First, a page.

An injured woman settled for $400,000.00 after she was hit by a golf cart driven by an intoxicted driver. The plaintiff in this case was walking after leaving an outdoor concert in Peachtree City. She was then struck by a golf cart driven by a man who was later arrested for DUI. The Defendant in the case was leaving the outdoor concert and had parked his golf cart near the golf cart path. As the defendant pulled onto the path, he struck the plaintiff and kept going until a passersby stopped him and removed the key from the golf cart. It was reported that the Defendant was not aware that he had hit the injured lady. The Plaintiff’s injuries included two broken bones in her leg, and her medical bills totaled $75,000.00.
The Defendant’s insurance company fought to exclude liability coverage under the Defendant’s homeowner’s insurance policy. The company argued that the golf cart was excluded from the Defendant’s liability coverage. The insurance company then filed a complaint for declaratory judgment arguing “policy exclusion”.
The court; however, held that the wording in the insurance policy was “unclear”. The policy attempted to include an exclusion for golf carts based on the number of people the cart was designed to carry. Further the court held that the language in the insurance policy was ambiguous and coverage exclusions must be clearly defined.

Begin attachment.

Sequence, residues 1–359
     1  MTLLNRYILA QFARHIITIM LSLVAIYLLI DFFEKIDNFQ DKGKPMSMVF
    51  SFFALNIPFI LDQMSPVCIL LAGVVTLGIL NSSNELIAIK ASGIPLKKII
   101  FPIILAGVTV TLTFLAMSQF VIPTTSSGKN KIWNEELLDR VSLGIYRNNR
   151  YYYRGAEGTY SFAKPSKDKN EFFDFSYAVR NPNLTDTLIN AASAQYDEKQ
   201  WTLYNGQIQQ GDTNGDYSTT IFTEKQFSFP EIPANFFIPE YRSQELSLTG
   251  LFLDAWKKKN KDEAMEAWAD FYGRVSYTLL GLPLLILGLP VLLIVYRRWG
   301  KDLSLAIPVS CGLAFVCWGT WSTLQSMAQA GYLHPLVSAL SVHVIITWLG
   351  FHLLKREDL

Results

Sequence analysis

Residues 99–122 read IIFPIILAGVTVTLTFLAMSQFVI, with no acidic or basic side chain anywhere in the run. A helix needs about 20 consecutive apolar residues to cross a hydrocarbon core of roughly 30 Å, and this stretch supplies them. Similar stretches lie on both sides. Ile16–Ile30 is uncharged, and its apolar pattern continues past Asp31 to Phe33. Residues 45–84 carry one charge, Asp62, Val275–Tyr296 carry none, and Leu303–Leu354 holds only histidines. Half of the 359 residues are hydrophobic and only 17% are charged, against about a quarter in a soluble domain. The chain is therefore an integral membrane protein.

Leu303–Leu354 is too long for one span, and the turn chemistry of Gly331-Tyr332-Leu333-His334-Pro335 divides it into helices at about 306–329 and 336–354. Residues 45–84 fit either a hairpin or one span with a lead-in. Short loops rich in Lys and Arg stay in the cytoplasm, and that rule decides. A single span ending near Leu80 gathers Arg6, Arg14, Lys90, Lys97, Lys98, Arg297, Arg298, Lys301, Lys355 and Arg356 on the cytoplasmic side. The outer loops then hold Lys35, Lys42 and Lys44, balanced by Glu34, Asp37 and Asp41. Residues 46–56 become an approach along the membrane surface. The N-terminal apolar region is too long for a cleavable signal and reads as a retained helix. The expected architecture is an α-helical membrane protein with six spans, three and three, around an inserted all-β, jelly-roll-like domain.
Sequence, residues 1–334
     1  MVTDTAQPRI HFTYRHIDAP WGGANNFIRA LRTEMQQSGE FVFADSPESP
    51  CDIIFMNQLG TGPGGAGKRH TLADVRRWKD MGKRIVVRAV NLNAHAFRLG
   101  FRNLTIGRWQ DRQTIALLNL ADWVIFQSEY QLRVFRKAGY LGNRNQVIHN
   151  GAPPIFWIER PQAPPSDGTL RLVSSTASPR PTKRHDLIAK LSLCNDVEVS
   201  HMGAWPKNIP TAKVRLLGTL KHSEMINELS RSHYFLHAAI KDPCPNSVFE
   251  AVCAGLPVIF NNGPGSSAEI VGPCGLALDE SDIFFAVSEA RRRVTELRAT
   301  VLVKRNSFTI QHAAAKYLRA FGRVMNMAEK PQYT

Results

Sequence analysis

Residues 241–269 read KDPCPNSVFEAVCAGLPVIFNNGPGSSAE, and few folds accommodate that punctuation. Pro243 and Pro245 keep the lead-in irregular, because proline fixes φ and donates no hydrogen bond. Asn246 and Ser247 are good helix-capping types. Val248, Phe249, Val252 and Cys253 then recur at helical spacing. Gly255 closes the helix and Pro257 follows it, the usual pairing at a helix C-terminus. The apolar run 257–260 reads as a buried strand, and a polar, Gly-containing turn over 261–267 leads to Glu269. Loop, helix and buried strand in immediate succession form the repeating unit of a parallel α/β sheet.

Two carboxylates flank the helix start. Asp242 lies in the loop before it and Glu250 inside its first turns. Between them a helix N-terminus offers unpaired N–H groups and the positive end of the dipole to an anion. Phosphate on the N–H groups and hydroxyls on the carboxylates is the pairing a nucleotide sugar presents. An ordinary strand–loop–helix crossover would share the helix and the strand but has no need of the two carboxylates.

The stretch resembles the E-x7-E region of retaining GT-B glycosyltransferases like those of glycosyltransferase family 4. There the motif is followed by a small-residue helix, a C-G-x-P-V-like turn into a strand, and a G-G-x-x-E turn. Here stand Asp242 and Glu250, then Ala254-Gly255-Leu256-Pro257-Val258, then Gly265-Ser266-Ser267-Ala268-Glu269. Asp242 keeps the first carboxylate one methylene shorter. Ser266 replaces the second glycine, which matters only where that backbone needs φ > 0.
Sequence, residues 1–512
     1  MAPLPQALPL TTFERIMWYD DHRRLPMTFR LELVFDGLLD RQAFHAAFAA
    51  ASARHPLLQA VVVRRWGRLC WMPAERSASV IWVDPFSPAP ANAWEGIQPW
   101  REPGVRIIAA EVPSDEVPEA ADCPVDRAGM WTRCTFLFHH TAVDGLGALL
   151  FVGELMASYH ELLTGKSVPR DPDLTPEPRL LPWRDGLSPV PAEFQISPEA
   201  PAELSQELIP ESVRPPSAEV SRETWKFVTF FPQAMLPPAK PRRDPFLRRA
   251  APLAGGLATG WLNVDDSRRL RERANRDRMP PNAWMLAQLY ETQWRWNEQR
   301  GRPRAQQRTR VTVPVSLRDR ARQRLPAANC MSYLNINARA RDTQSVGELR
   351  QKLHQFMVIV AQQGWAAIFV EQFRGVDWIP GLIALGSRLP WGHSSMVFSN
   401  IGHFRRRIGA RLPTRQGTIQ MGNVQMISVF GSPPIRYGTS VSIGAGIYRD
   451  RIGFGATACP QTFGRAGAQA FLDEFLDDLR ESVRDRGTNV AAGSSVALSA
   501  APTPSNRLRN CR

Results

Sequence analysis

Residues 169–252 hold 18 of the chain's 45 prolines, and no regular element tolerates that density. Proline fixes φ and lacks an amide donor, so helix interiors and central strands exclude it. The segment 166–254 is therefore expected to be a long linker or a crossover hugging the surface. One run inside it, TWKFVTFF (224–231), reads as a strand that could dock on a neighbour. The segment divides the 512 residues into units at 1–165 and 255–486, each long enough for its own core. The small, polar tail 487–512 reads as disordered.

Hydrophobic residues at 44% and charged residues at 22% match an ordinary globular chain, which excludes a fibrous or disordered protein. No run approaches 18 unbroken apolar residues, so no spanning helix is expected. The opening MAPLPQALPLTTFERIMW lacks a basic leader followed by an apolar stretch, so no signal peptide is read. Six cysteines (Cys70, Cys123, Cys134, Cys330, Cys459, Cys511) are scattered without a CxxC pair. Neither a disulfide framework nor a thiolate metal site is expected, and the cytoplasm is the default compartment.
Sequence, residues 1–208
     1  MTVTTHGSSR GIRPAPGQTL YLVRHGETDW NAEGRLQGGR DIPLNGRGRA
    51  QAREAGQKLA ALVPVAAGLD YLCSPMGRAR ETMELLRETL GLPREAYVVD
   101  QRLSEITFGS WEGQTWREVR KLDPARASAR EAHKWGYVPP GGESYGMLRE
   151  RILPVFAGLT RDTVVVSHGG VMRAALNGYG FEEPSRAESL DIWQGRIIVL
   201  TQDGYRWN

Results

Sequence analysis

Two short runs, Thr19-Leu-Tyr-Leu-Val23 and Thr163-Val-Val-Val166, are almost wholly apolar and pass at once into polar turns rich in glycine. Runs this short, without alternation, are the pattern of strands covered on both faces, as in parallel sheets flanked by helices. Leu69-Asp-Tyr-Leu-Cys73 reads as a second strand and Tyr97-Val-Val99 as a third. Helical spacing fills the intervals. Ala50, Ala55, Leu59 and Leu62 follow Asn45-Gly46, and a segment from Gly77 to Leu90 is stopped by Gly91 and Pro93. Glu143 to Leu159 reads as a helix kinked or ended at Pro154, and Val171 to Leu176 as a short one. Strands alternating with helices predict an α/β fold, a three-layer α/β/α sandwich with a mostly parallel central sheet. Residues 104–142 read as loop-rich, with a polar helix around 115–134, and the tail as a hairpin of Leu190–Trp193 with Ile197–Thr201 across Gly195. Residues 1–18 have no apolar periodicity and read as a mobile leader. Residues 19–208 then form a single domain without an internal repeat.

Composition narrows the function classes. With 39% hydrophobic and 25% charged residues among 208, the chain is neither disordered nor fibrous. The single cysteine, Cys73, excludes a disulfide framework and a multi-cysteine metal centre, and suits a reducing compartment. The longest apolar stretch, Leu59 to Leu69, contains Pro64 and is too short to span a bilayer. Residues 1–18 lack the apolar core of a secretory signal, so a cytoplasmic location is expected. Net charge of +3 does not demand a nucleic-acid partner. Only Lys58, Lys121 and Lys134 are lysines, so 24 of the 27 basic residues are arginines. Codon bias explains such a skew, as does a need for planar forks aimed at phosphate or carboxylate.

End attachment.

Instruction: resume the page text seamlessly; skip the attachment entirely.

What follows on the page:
Although the policy limit in this case was $500,000, the reasoning for settling at $400,000 was to persuade the insurance company to just settle the case and be done with it.
Though this case dealt with a homeowners insurance policy, automobile insurance policies, health and even life insurance policies are often filled with exclusions. For example, some life insurance policies may exclude certain behaviors they consider “risky”, e.g., scuba diving, sky diving, etc.
Auto insurance policies may have exclusions for injuries caused by intentional acts, for example, attempting to hit someone with a car. Also, exclusions have been held valid where an individual has allowed an unlicensed driver to operate the vehicle. There may be incidents where an individually is actually named as an excluded driver, for example where the person has a poor driving history.
When renting a vehicle, the rental car company typically asks for the identity of all anticipated drivers who will or may be operating the rental vehicle. Any other drivers not listed may be excluded under the insurance policy in the event of an accident, injury or death.
Another example in auto insurance policies may be the “business use “ exclusion. The insurer may seek to exclude coverage if an accident occurs while the vehicle is in use for business purposes (under a personal auto insurance policy). Although, this exclusion is not as widely pursued by insurance companies.
The bottom line is, when signing up for any insurance, read the fine print and direct your intention to the section on exclusions. You may think you are insured when, in fact, you may not be when the accident, injury or loss occurs. If you have questions or would like to discuss your legal matter, contact: Anthony Overton Van Johnson & Associates, P.C. at 678-882-7355, or e-mail: email@example.com for a free consultation.